A couple months ago, I went to the doctor for a routine “I’m tired all the time” appointment. And she was pretty dismissive and said it was probably just how stressful life is, etc etc, but she ordered blood tests for me regardless. She said they’d get back to me the next week, but I didn’t hear from them so I assumed I was fine. And then two weeks later I got a voicemail from her office saying I needed to come in for a follow-up. That particular week was insane at work so I couldn’t take any time off to go in and my anxiety about it started to build up.
I called my mom sobbing one night, absolutely convinced that I was dying of leukemia. And she first calmed me down, and then was like, “I think you need to speak to someone about this.”
The call back turned out to be nothing at all (I’m low in B12! As is every vegetarian on the planet!), but my mom made a good point. It’s not particularly healthy to freak out like that. My work has a pretty amazing employee assistance program, so I called their helpline, and they set me up with a counselor, and I’ve started going to her.
I have been depressed, on and off, since I was 20. And I have always just dealt with it myself. I felt like I wasn’t depressed enough to warrant treatment. I wasn’t hurting myself, so it was probably just the way I was. But sometimes it got pretty bad. There have been months when I thought I might never feel happy again.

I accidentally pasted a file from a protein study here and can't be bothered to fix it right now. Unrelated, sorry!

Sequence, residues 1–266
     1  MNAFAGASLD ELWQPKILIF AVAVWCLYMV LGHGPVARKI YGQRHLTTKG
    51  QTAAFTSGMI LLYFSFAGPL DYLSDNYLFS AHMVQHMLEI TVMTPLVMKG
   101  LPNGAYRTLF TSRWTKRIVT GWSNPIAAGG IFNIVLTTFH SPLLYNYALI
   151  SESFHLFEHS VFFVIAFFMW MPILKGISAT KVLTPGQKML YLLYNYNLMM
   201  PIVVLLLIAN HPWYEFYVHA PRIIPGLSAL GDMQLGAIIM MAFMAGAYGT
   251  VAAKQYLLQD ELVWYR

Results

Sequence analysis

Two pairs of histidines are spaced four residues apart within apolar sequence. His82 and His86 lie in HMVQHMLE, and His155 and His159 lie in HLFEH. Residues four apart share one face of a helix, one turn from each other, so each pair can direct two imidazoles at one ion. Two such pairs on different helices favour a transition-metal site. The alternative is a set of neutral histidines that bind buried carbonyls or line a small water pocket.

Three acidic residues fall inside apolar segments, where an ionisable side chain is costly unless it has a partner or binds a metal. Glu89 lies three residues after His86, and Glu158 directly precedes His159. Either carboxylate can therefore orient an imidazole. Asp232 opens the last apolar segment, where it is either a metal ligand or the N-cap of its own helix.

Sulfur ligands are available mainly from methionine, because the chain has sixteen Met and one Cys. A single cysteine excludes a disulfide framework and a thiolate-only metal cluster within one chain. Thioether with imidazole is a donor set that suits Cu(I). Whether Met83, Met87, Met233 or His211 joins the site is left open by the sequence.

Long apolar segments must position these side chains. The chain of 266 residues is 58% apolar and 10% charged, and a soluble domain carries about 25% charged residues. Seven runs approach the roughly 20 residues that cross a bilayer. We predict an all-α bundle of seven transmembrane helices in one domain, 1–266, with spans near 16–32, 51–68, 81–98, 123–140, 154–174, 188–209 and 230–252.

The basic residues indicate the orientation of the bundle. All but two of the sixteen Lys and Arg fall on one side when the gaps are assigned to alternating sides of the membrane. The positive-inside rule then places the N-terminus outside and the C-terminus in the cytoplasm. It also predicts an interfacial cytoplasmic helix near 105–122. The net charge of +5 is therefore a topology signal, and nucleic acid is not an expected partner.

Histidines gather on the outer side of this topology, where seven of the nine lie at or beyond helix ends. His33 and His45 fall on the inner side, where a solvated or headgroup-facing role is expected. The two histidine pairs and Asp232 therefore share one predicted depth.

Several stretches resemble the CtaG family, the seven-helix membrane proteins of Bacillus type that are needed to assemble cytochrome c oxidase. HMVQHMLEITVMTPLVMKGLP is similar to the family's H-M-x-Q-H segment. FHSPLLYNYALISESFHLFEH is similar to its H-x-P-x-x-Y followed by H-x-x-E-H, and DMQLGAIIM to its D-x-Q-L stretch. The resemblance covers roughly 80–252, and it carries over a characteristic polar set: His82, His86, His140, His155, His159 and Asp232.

I saw a counselor once before, in second year. But she told me what I was feeling was temporary, and she thought I would get better on my own. And it did get better eventually, but then it came back. And I cycled through this for years and years. I’ve opened up about to just two people in the past, and they both dismissed how I felt and told me they didn’t want to hear it. After that I felt like it was shameful to feel this way and I kept it to myself. I didn’t tell my family or my friends. The first person I ever said, “I think I might be depressed,” to was my counselor.
And it took just one person saying “You aren’t crazy to feel this way,” to make me feel better about it. It’s like this giant weight has been lifted off me. In the first appointment with her I rated my depression at 7 out of 10, and at my last one I rated it as a zero. I have sad thoughts and sad days still, but they don’t drag me down like they used to. I can always see the light at the end of the tunnel when I couldn’t before.
My counselor has taught me ways to head my depression and anxiety off at the pass. Whenever I start to worry about the future, what people think of me, or how isolated I feel, I’ve started to retrain my thoughts in a much more positive path.
Since I started going to her, I’ve dealt with one particularly stressful situation, and I reacted much healthier than I ever had in the past. Instead of closeting myself in my room, alone with my sadness, I reached out to everyone around me. I talked about how I was feeling, went on long walks to distract myself and never once felt like I was alone.
I’m posting this partially because I like writing about these things and I like people knowing what’s going on in my life. But I’m also writing this because it took my mom telling me it was OK to ask for help to do something about it. I hope that I might be able to do that for someone. It’s just not worth it to have to hide how you’re feeling all the time. Go tell someone, anyone, and keep telling people until someone listens and helps.